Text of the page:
As proposed by Zubrin in a memo to NASA administrator Jim Bridenstine and Scott Pace, Executive Secretary of the National Space Council, on 30 June 2020, “Artemis 8” would not involve NASA’s Orion capsule or SLS at all. Instead, on the basis of the recent successful launch of SpaceX’s Crew Dragon capsule and their Falcon Heavy booster in 2018, Zubrin proposed using that capsule and those boosters in place of NASA hardware.


“Artemis 8” would “launch a crew to low Earth orbit [LEO] in Dragon using a Falcon 9. Then launch a Falcon Heavy, and rendezvous in LEO with its upper stage, which will still contain plenty of propellant. The Falcon Heavy upper stage [would] then [be] used to send the Dragon on Trans Lunar Injection (TLI), and potentially Lunar Orbit Capture (LOC) and Trans Earth Injection (TEI) as well.”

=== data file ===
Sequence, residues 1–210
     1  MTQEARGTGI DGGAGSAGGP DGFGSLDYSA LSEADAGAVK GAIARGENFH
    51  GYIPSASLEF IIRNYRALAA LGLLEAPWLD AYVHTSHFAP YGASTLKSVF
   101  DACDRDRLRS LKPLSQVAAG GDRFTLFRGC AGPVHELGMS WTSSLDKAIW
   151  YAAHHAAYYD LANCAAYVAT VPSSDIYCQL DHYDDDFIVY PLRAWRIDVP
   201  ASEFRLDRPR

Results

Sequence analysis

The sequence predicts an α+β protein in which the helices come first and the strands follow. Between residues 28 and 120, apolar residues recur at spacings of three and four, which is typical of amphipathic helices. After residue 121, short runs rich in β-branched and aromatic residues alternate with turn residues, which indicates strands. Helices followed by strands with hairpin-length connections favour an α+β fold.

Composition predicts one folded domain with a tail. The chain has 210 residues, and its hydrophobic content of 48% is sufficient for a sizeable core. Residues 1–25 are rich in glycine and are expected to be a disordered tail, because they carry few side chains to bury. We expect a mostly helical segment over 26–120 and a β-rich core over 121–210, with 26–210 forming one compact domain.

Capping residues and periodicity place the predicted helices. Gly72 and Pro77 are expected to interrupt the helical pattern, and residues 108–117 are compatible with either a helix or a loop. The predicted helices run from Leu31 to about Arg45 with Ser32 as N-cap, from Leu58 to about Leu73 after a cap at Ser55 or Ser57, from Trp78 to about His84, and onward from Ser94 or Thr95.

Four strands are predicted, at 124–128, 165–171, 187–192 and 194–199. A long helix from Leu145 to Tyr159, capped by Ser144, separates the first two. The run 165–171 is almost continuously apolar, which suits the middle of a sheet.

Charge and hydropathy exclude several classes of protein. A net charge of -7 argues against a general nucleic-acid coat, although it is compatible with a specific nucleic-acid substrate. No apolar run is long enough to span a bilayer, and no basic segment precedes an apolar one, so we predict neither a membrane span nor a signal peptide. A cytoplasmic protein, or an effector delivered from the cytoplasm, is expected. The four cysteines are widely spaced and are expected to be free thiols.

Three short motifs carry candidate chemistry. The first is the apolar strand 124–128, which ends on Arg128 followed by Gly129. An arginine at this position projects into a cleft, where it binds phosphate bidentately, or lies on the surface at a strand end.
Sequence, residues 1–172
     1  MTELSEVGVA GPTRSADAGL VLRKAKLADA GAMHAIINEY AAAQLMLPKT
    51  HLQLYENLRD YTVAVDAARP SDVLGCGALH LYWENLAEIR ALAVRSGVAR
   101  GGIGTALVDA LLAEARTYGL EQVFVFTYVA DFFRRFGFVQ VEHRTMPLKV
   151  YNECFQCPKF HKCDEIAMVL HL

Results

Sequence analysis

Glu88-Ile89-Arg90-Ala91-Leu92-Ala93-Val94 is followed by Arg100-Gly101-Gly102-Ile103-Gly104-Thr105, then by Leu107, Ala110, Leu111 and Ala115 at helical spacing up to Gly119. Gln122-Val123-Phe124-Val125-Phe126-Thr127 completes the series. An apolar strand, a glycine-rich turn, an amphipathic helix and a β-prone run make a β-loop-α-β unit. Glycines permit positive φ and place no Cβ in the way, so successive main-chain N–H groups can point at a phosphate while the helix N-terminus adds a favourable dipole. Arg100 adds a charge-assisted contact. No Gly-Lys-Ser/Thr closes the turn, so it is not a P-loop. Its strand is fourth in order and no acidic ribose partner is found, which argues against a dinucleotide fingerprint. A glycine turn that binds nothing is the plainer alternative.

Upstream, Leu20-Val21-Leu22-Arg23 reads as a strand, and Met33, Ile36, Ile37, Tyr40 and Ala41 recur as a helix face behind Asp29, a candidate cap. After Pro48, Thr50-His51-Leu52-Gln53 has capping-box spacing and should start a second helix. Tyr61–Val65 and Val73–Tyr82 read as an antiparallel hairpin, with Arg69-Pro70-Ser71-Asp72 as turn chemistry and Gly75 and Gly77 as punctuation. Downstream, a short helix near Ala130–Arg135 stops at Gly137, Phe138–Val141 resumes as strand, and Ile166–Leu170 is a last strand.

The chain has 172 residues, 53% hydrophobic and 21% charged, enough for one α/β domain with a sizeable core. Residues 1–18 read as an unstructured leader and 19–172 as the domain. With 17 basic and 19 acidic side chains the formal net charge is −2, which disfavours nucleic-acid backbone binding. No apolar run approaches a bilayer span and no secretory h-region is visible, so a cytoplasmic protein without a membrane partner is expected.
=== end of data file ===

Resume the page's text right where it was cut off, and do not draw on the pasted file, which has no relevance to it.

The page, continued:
Zubrin laid out two further options for how the mission could be carried out, depending on how the Falcon Heavy booster was launched. Launching it without payload atop it would allow the proposed mission to “capture[d] into a ‘lowish’ lunar orbit and return to Earth”, with the upper stage acting as the engine for the entire mission. The second option would see the Falcon Heavy launched with a small propulsion stage (SPS) as a payload. In that option, the upper-stage would serve as the equivalent of the Saturn V’s third stage, the S-IVB, while the SPS would act as an analogue for the Apollo Service Module.


Further, Zubrin cited other factors that made the Crew Dragon a worthy substitute for Orion. In a piece for the Washington Post co-authored by former NASA engineer Homer Hickam (best known for his memoir Rocket Boys, the basis for the movie October Sky) on 22 June, 2020 ahead of the memo being sent, they made note of the fact that Crew Dragon was lighter, with a mass of 9.5 tons, compared to Orion’s 26.5. Crew Dragon having been designed for future re-entries from missions to Mars also meant that it was designed for re-entry temperatures higher than a lunar mission would be called upon to endure.